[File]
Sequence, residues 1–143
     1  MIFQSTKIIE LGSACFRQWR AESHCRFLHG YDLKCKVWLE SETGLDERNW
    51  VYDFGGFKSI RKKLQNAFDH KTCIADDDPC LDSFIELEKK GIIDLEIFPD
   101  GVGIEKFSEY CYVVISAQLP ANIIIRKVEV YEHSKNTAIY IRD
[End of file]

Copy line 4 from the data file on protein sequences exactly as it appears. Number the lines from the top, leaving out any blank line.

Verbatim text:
   101  GVGIEKFSEY CYVVISAQLP ANIIIRKVEV YEHSKNTAIY IRD